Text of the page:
The picture below shows two views of an early German Baptist church located in St. Louis MO. This is the church I attended with my parents during the 1950s. The original congregation was established in 1849 and this particular building was built in 1889.
I remember there was a brick building to the left that had been used as a parsonage in its early days; during my childhood, it had been turned into an annex for children’s classes. I well remember that old building with its narrow basement passages and high-ceilinged upper level rooms. I also recall standing on the church building’s front steps and peering across the street to admire the beautiful, tree-lined park. It was such a peaceful setting.
Next week, the Southern Baptist Convention will open its 2014 Annual Meeting in Baltimore. Despite the involvement of my forebears in Baptist churches from the time they arrived in St. Louis and my attendance as a youngster, it’s been many years since I attended a Baptist church.
Even though I’m no longer a member in the Baptist denomination, I have many friends who are, and their annual meeting usually holds some interest to me, albeit peripheral. Reading Dr. Albert Mohler‘s post this morning reminded me why the yearly meeting of the Southern Baptist Convention (SBC) matters to me.
Yes, I know the SBC has recently reported a seven-year decline in its membership numbers. And yes, I know reports reflecting a reduction in baptisms has been cited as an additional indication of a floundering denomination. In some quarters, I acknowledge these declines are viewed positively, signs that traditional religious influence is waning.
Dr. Mohler observes that the upcoming meeting occurs just weeks after a southern California congregation has affirmed same-sex relationships and membership. This affirmation comes as a reaction to their pastor changing his position in February and the pastor’s son conceding he is a homosexual. Because the CA church has membership in the SBC and they are now at odds with the SBC‘s clear statement of faith, a clash seems inevitable, because − as Mohler ably explains − “there is no third way.”
So what? Why should this matter to me? It’s not even my denomination, right?
For centuries, followers of Jesus Christ have declared the Bible to be God’s Holy Word. (You’re welcome to dispute this assertion … but for me, it’s not open to debate.) As God’s Holy Word, the Bible expresses certain absolutes to be Truth, factual and authoritative. One of those facts is as old as Creation: God in his garden created Adam (male) and he created Eve (female), two equal expressions of the Creator’s unique character. (Genesis 1:27: “male and female he created them.“) This was God’s design … as Creator of the World, he decided in the very beginning how it should go.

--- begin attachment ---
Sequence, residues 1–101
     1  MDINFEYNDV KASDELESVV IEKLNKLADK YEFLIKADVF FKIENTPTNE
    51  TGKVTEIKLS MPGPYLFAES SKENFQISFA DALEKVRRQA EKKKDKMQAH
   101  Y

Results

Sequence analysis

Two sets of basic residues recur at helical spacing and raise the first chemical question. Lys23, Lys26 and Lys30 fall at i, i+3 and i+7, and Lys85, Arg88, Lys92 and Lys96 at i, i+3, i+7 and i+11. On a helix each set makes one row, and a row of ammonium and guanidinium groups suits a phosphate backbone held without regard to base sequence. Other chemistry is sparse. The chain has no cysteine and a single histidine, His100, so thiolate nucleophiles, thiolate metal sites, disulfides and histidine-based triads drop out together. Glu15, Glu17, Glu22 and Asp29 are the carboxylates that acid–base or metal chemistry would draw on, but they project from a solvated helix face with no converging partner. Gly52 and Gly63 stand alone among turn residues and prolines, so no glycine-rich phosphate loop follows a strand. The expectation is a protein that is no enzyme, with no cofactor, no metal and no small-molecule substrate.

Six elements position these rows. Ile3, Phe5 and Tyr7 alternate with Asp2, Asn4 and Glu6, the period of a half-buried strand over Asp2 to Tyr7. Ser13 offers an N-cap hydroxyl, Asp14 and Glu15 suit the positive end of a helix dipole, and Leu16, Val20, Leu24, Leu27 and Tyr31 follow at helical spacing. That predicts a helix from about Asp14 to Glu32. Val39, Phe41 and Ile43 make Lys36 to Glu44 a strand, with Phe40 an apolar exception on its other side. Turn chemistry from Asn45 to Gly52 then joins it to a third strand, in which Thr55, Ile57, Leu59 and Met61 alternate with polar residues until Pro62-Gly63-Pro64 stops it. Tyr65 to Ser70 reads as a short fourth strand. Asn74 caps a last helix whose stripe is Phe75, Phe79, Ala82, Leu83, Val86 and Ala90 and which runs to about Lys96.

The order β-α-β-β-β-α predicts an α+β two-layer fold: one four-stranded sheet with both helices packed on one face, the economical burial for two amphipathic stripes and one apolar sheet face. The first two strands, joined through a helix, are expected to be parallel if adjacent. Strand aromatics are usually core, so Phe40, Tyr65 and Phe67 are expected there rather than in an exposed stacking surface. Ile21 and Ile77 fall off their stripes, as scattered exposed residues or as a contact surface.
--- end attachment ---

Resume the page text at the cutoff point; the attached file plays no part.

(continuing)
We don’t have to wade any further into the Good Book to debate God’s original design. It’s right there in the opening chapters of Genesis for anyone willing to read it. You might be inclined to respond with “problem” passages and individual interpretations or nicely-spun arguments. (Maybe it all goes back to what the definition of “is” is?) My response will be the same: go back to chapter 1, verse 27 − God’s original design.
Tear out those pages from the Bible you don’t like or agree with. I’m okay with that. Write a new Bible … the Gospel According to You … if you choose. I’m okay with that. Declare yourself God and proclaim everything in the Bible was a joke, you (the God of 2014) never really meant any of it. I’m okay with that as well.
We can burn your Bible and mine, if you like, but such actions don’t invalidate what is authoritative from scripture. Defying God, attempting to destroy the Bible … neither of these acts removes God from being God! Furthermore, denying his existence doesn’t make him cease to exist. Consider Romans 3:3-4 which states in part: “… unbelief will not nullify the faithfulness of God, will it? … let God be found true, though every man be found a liar.” God remains God despite all efforts over the centuries to replace him with a hand-fashioned golden calf idol or any other less awesome physical expression.
A potential SBC clash matters. If a church that has historically honored God and the Bible … and has stood firmly on the tenets which the Creator and his Word state are true … if members of the SBC decide to “rethink,” “change their minds,” “become more inclusive,” the SBC’s statement of faith becomes worthless. Truth that is subject to change is not truth, it’s opinion. Adopting a new opinion wouldn’t render God any less than God, but it would demonstrate the SBC no longer stands firmly on the Word of God … that the SBC’s core principles are dependent upon the ever-changing whims of fashion and cultural diktat.
I agree with Mohler when he says “There is nothing but heartbreak in this situation.” This is the point where each local church (and the SBC as a denomination) will be required to decide whether it is simply another form of religion (a set of beliefs) or an actual faith (confidence or trust in a person) firmly founded in the person and work of the living God-man, Jesus Christ. I reiterate Mohler‘s concern: there’s no third way.